Forty-one members of Congress representing 9 northeastern states have just added their voices to the chorus calling for action to curb the unlimited carbon pollution that is driving climate change.
These leading lawmakers make it clear that acting on climate is the right thing to do. We’re already seeing its impacts in more dangerous storms, floods, drought and weather.
Not only that, they know it needs to be done now. They hail from states that saw or experienced firsthand the terrible power of Superstorm Sandy, which caused billions of dollars of damage to their region.
And their letter shows we’re not starting from scratch. States are already proving cutting pollution strengthens the U.S. economy. In their letter, they urge the Environmental Protection Agency to use the Northeast’s proven experience as a guide for developing fair and flexible standards the states can use to cut carbon pollution from the nation’s power plants. These plants emit 40 percent of our country’s carbon pollution. They are the heart of the problem.
The lawmakers, led by Rep. Nikki Tsongas of Massachusetts and Annie Kuster of New Hampshire, note that since their nine states launched the Regional Greenhouse Gas Initiative in 2005, carbon pollution has dropped nearly half in their region. Further reductions are on the way. That’s striking.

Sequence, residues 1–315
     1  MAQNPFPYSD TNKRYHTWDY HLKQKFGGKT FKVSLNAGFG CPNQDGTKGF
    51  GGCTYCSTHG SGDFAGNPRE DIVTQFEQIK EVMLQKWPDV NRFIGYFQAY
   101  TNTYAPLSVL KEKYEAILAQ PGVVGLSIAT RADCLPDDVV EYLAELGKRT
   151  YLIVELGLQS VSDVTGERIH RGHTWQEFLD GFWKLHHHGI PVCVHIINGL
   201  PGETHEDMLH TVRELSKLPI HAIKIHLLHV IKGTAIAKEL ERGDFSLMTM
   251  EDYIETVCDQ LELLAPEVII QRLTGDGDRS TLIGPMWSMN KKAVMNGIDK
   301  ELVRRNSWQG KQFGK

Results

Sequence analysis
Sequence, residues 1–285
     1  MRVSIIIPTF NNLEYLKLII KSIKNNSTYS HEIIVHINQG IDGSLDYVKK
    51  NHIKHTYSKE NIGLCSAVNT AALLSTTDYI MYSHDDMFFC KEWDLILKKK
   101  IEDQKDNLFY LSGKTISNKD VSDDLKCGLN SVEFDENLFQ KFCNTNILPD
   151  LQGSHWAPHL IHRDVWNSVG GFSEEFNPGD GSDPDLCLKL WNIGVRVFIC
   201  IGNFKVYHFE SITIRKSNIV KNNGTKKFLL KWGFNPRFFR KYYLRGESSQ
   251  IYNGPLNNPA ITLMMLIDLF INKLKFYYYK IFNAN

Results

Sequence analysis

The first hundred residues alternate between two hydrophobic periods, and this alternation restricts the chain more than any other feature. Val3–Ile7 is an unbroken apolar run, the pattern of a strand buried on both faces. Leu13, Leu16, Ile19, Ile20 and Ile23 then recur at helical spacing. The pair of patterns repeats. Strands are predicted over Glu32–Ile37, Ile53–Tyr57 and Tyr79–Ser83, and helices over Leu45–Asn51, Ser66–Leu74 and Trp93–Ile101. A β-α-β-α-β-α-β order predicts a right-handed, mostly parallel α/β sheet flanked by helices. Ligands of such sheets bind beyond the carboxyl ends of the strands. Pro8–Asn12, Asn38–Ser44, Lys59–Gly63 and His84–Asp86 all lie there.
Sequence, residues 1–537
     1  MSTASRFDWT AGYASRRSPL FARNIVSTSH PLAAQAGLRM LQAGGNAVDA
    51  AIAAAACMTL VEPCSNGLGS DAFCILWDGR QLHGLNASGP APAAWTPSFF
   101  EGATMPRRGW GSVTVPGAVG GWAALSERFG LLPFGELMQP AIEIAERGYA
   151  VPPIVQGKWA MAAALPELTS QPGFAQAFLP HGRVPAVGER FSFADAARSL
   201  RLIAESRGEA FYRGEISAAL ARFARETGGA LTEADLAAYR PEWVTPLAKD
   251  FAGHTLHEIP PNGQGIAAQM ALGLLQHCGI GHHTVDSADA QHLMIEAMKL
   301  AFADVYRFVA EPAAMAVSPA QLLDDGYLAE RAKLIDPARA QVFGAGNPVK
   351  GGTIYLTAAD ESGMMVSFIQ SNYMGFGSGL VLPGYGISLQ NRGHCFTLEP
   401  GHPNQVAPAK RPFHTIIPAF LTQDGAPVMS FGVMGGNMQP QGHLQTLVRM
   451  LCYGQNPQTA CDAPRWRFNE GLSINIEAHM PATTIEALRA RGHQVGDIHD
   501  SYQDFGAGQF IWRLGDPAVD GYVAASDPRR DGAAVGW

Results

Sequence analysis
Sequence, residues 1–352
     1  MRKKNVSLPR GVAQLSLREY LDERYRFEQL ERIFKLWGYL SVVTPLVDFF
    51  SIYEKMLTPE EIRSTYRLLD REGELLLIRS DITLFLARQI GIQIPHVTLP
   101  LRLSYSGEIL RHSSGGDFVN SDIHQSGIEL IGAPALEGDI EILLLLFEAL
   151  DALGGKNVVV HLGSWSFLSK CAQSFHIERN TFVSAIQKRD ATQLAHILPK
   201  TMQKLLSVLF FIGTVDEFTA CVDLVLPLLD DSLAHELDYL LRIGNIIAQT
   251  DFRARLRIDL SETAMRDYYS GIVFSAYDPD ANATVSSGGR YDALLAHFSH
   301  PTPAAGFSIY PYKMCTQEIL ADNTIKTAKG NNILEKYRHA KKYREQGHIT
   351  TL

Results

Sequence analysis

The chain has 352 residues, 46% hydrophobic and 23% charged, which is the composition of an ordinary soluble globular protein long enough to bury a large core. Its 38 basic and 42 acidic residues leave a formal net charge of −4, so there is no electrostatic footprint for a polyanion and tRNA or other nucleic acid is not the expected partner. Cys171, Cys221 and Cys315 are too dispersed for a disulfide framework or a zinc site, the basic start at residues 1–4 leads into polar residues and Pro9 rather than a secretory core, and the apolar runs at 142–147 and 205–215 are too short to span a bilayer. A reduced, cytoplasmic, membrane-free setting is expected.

They’re doing it, according to a report, while boosting regional net economic output by $1.6 billion, and creating 16,000 jobs across the nine-state region. Take that to the bank. Curbing carbon pollution can be good for the economy.
On a national level, President Obama has directed the EPA to develop federal standards under the Clean Air Act to cut carbon pollution from the country’s existing and future power plants. In his recent State of the Union address, he reiterated why: “Climate change is a fact. And when our children's children look us in the eye and ask if we did all we could to leave them a safer, more stable world, with new sources of energy, I want us to be able to say yes, we did.”
While some are standing on the sidelines spouting the usual shopworn arguments, these congressional leaders know we need to act now and are helping chart a path forward instead of standing in the way.
Their example shows that momentum continues to build for action on climate. For the sake of our children, we must keep going. Their future depends on it.